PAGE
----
San Gabriel Tribune, July 1978

Potent punch

Screamers: not
so far-fetched

   In theater, films and music, the themes of modern-age paranoia and alienation are not new, but rarely are they expressed with the visual and musical energy displayed by the Screamers.

   In their sold-out engagement at the Whisky last weekend, the Screamers, a four-piece, L.A.-based group, proved just how potent those concepts can be. Their show, like most, is flawed, but the better moments compensate for the lesser. The lead singer, who is billed as "Tomato du Plenty," stalks the stage with a disturbingly obsessive stare, singing about things like "vertigo" and "peer pressure. The other screamers, meanwhile, maintain the kinetic pace with two keyboardists (Tommy Gear and Paul Roessler) and a drummer (who goes by "K.K.").

   The Screamers' act is visually (although not lyrically) blatant, yet the essential themes are never obscured. What's more commendable, though, is that the group conveys its message without the sterile abstractness of say, Kraftwerk.

   "We really like the appeal of the Bay City Rollers and Shaun Cassidy," said du Plenty in an interview after Friday's performance. "I saw Shaun Cassidy last week, and he put on a fantastic show - he really relates to the audience, and that's what we want to accomplish. Whereas with groups such as Kraftwerk, it's like looking at an ice cube onstage."

   Using an instrumental line-up of two keyboardists, a drummer, and a vocalist, as the Screamers do, is distinct from most pop groups. The combination, however, is more coincidental than it is calculated.

   "I often refer to the tyranny of guitars in popular music," Tommy Gear said. "It seems that guitars have been overused, and have become real cliche and tawdry. It's interesting to use different combinations of instruments and not come up with a cliche sound, like the Hawaiian guitar ... or the accordion - now there's an instrument that could really use a renaissance."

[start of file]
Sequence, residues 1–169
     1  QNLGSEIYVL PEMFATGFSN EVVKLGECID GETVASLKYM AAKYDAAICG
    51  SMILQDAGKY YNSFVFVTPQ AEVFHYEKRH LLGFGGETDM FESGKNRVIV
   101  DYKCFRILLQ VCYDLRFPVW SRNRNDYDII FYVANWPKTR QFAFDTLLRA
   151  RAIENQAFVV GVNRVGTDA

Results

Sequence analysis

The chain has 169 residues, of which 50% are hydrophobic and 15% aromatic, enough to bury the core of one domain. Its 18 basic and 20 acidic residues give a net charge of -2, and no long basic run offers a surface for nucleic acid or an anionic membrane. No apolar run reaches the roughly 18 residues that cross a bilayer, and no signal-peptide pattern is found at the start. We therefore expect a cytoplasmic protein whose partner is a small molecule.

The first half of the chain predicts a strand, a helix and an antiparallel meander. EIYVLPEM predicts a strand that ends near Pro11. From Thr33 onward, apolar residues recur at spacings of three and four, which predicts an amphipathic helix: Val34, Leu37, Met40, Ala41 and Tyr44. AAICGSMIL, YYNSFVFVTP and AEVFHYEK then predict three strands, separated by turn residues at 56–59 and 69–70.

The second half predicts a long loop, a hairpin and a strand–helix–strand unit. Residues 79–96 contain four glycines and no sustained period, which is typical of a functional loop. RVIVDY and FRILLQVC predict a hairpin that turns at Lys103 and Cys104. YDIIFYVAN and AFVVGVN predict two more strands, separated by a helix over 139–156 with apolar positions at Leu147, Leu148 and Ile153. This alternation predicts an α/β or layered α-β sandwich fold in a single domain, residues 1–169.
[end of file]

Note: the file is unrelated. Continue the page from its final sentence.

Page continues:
The Screamers' goals are characteristic of many new wave groups. Despite a professed primitivism, what once began as an artistically limited genre is becoming increasingly theatrical.

   "I think it's very important to be in touch with with certain things the word 'Primitive' connotes - certain feelings or certain deep-rooted experiences. that way, you can get a better understanding of what goes beyond mere primitivism.

   "I think we're definitely in touch with those things. I like to think that we're post-modern. 'Modern' is too elusive - it's something you have to keep chasing, Like any artist, we're reacting with the environment and trying to relate what's going on inside of us. And I don't think we're different from anyone else in that respect."

   The Screamers are different, though, in one important respect: the group is extremely wary of being limited by a static musical or visual approach, as has occurred with other artists. Instead, the group intends to continue experimenting - an idea that is sure to please its fans. And, more importantly, it should prevent their musical and visual medium from becoming hopelessly stagnant in the future.